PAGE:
The Yang brothers have it all — good looks, brains and family background, but each shuns romantic entanglements for his own reasons. Yang Zhen Wei is the workaholic oldest brother who only has his mind set on expanding his catering business. Yang Zhen Hao is the middle brother who works in the entertainment industry and as a fitness instructor. Yang Zhen Kai is the meticulous youngest brother who has been given the position of CEO of the family empire. How will the brothers handle their emotions when they each meet a woman who turns their perfect worlds upside down?
Cast & Credits
The endings for the couples were well done.
My favorite couple is Huang Tender as Yang Zhen Hao and Lin Shara as Wu Yi An. It seems like they made each other better. He helped her be strong and brave and she helped him understand his feelings. They are interesting actors that made me feel a deep connection to their characters.
The other couples could be annoying at times although I totally understand their thought process. It isn't like the character would get to see everything I did. LOL I still found myself yelling "tell him the truth" or "he really loves you, silly" at the screen.
The music is good.
I might rewatch this someday!
I seriously enjoyed all the characters and it was a fun watch. I recommend it to everyone.
To me, the story was your fairly typical romance; this show just mixed things up a bit by including three couples: three brothers from one family, paired with another's two sisters and their best friend. It tried dealing with the idea of age gaps (a whopping 18 years between the eldest brother and the youngest sister!) which can be difficult to address.
Despite attempts at creating problems for the characters to deal with, I felt that the writers didn't include much real conflict that built each relationship. The consequence of this is that by the end of the 60 episodes, the most sentiment I had was 'oh dang they're cute together' - as opposed to what I think the show was trying to go for; 'they're finally together, after going through so much for each other.' I view this as a failure on the writers' part: they tried to create the sentiment of how relationships can help build each participating individual as a person, but fell short of that goal. Perhaps three couples in one fell swoop was a bit ambitious.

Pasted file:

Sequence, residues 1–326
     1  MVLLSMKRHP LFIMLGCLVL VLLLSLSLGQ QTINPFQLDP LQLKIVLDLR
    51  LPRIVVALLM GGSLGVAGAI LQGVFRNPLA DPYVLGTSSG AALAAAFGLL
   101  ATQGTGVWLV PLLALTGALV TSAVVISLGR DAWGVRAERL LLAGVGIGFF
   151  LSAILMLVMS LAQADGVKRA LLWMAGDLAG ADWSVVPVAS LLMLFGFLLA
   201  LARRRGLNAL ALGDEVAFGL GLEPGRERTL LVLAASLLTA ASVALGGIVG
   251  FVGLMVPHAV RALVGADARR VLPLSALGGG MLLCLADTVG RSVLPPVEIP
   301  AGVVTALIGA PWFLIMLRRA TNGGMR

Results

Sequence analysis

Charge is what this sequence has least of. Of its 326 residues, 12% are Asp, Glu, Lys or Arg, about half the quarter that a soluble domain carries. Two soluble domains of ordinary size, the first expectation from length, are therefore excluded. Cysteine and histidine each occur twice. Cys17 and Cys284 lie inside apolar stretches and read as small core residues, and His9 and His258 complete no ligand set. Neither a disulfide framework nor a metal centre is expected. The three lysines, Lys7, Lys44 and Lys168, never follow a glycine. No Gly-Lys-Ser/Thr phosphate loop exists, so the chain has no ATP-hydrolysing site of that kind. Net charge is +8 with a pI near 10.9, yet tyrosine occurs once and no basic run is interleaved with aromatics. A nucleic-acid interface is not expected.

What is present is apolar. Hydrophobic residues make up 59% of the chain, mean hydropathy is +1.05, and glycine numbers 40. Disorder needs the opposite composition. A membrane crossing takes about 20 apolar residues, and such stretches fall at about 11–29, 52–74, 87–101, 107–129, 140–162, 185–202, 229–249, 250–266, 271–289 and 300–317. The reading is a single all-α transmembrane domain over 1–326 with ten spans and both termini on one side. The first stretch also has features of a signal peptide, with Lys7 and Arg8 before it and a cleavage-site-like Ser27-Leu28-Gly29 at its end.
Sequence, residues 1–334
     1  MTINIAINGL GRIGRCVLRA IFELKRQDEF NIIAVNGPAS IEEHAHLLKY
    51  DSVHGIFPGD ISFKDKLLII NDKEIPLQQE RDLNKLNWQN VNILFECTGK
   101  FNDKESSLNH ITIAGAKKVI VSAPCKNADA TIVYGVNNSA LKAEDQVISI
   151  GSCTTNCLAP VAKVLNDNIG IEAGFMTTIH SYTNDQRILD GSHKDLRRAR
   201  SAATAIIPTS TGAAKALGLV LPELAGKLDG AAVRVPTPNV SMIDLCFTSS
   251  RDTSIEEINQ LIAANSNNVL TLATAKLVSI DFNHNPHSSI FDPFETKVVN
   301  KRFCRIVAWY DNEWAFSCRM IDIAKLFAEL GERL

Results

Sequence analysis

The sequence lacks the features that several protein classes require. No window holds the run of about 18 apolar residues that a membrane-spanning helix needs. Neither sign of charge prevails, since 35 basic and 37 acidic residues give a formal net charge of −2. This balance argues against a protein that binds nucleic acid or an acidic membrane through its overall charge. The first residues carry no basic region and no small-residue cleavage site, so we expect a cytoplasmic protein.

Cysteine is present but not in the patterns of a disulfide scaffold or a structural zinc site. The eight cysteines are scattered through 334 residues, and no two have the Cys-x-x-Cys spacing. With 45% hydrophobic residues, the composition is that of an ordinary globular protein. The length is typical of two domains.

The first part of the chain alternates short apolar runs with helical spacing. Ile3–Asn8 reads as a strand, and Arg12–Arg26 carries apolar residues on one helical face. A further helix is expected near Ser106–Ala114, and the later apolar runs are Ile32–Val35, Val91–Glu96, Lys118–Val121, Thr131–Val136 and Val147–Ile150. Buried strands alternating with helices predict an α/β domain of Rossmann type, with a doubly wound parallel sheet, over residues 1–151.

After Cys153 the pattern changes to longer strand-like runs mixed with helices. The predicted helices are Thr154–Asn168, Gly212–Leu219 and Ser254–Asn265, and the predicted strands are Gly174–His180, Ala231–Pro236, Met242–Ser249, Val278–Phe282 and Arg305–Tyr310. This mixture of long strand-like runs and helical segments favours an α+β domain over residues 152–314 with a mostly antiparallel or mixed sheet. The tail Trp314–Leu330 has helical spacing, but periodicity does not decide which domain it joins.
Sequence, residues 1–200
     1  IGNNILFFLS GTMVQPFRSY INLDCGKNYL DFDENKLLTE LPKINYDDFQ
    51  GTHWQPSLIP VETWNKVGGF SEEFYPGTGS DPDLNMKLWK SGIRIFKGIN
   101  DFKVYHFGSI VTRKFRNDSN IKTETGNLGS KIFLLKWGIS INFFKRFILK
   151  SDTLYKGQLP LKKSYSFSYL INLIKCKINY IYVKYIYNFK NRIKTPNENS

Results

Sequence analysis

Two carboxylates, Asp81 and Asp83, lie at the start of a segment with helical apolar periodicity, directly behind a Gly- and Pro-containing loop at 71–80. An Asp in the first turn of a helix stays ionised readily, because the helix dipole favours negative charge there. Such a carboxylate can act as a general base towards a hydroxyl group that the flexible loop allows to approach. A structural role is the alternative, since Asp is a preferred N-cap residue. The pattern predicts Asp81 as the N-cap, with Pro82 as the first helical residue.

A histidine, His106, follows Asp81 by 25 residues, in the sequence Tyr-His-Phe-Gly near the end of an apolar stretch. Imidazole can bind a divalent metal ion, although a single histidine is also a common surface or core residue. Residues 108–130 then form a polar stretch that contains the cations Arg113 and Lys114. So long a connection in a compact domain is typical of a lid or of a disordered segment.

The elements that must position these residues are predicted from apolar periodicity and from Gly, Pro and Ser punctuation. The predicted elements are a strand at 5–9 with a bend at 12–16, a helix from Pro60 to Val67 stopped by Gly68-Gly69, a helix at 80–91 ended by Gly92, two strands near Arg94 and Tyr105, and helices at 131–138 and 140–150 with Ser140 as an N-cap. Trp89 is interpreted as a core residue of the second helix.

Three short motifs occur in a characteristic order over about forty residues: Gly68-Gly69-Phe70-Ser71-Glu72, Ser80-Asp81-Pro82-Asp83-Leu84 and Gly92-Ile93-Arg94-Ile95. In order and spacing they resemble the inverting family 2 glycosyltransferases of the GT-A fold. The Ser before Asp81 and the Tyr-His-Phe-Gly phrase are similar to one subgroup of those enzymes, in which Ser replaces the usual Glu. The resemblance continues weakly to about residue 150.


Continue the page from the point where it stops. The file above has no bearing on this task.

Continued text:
For the most part, this show's strong point is in that it's a pretty easy watch. You have small intense moments that are almost always immediately solved, but almost no anxiety-inducing scenes in which you nervously wonder how the characters can get past a particular hurdle. It's always nice to have a drama on hand that won't cause you constant worry.
Acting wasn't the best I've seen, but it was enough to get by. For the most part, everyone played their roles well; for me, the pair of Jolin and Hope were the most convincing and certainly the most entertaining.
I was split on the soundtrack - the opening ('Faded Pictures' by Vanness Wu) I found incredibly addictive and memorable, but some of the others actually became fairly annoying. It's not a big surprise though, considering that you listen to them basically for 60 episodes straight.
Overall, a pretty fun show. 60 episodes at around 50 minutes each is quite the commitment though, but also necessary to get things rolling with each of the couples. So, there was definitely potential for the allotted 80 episodes, so I'm unsure why they cut it short.
Better Man's main strength lies in its lightheartedness, so I'd find it perfect for kicking back and relaxing.